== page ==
Tory plans to restrict the right to strike have been widely condemned

22 January 2015 By Professor Keith Ewing and John Hendy QC Plans to place extreme restrictions on the right to strike are not consistent with international legal standards, write Keith Ewing and John Hendy

Commentary icon22 Jan 2015|Comment

Lord John Hendy KC

Chair of the Institute of Employment Rights

Professor Keith Ewing

President of the Institute of Employment Rights

22 January 2015

By Professor Keith Ewing and John Hendy QC

Plans to place extreme restrictions on the right to strike are not consistent with international legal standards, write Keith Ewing and John Hendy

Tory plans for further restrictions on the right to strike have been roundly condemned from several quarters. Proposed new rules will apply to industrial action in the health and fire services, as well as education and transport. Under the proposed changes, industrial action will be lawful only if it has the support of at least 40% of those balloted, in addition to the existing requirement that the action should have the support of a majority of those voting.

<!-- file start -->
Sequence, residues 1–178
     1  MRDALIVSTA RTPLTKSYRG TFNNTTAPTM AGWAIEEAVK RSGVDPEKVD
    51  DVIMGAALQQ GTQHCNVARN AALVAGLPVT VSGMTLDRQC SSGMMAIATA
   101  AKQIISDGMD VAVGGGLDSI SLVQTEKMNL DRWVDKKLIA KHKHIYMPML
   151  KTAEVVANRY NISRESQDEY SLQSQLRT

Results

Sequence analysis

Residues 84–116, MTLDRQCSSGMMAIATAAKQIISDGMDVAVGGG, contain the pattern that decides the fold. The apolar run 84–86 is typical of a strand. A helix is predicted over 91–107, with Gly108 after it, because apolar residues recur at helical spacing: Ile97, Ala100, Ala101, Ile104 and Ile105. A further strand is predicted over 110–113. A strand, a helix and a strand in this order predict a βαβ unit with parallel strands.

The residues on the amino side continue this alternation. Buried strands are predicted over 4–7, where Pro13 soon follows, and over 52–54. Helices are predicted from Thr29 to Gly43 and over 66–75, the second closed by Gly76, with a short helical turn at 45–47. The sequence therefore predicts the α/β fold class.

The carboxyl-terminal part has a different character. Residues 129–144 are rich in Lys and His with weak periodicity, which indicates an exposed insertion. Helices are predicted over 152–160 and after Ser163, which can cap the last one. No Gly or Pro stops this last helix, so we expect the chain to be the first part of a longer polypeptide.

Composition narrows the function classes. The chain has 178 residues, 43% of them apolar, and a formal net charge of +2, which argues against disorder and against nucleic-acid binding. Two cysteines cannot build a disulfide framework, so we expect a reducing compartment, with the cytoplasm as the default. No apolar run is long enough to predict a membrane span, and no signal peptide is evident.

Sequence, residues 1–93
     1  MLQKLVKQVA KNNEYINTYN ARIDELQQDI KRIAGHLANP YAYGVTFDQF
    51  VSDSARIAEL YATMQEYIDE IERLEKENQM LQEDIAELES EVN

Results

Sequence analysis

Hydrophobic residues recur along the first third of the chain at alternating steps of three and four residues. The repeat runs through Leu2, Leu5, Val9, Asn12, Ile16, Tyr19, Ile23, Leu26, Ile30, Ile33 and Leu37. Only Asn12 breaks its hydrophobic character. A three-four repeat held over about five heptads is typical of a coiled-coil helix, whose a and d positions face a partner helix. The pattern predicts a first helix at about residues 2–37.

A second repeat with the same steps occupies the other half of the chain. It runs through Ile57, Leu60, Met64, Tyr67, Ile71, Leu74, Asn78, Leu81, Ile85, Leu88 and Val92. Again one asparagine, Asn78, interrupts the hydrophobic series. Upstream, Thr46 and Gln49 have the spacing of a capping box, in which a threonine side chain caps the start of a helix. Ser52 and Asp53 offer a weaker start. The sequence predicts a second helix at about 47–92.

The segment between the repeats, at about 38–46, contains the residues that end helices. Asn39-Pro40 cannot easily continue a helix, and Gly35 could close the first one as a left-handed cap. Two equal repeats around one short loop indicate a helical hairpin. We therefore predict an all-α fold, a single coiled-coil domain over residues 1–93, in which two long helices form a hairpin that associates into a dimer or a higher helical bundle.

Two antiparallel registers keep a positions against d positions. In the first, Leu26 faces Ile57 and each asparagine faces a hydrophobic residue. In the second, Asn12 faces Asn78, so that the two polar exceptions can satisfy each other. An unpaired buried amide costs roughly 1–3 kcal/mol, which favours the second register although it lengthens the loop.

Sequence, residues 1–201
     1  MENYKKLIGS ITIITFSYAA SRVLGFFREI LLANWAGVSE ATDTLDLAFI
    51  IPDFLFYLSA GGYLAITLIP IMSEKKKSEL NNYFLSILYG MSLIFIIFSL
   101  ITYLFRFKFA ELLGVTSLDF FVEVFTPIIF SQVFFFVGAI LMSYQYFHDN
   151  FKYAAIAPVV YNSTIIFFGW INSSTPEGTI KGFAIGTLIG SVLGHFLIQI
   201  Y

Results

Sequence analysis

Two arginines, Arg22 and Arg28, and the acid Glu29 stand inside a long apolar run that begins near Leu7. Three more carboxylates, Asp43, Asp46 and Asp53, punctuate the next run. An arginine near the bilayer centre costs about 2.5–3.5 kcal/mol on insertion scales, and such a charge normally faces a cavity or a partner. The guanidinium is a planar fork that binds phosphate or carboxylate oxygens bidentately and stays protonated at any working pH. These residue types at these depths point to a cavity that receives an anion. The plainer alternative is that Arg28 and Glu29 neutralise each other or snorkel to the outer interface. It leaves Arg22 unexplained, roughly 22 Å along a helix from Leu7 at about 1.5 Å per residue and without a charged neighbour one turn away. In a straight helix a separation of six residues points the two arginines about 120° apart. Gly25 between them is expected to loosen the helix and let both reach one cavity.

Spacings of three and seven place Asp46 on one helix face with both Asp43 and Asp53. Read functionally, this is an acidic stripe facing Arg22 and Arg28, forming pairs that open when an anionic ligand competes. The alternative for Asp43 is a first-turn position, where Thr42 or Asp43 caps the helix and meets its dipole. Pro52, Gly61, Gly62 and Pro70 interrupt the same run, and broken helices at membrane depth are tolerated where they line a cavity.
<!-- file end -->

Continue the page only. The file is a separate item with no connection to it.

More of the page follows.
There are lots of reasons why this proposal is wrong, not least because it represents an effective ban on the right to strike in the public services, without making alternative arrangements for dispute resolution. The effective ban would be built on a ‘democratic outrage’ according to the TUC, by imposing demands on trade unions that appear to make even Vince Cable blush. The business secretary is reported as having criticized a voting threshold (40% of eligible voters) that most MPs would fail to meet.

This condemnation is no doubt fuelled by the fact very few other countries have strike ballot requirements of the kind now being proposed. That said, Britain would not be unique, though predictably the Tory proposals are at the high end of what operates elsewhere. Notably, in Australia the ballot threshold is effectively 25% plus 1, in the sense that at least 50% of those eligible to vote must do so before a strike ballot can lawfully authorize protected industrial action.

The position is different in the Czech Republic and again in Denmark, two of the few EU member states to have thresholds. According to the European Trade Union Institute (ETUI), strikes in the Czech Republic require the consent of at least one third of those eligible to vote, while in Denmark the action must be supported by at least 75% of those taking part in the vote. In the Danish case, these requirements arise from collective agreements rather than legislation.

So far as we are aware, unequivocally higher thresholds than those proposed by the Tories are to be found only in Bulgaria and Romania, where it is understood that the law permits industrial action only if it has the support of a majority of those eligible to vote (that it is to say 50% plus 1). In the case of Bulgaria, however, the law has been criticized by the International Labour Organisation (ILO) as being inconsistent with Bulgaria’s legal obligations under international law.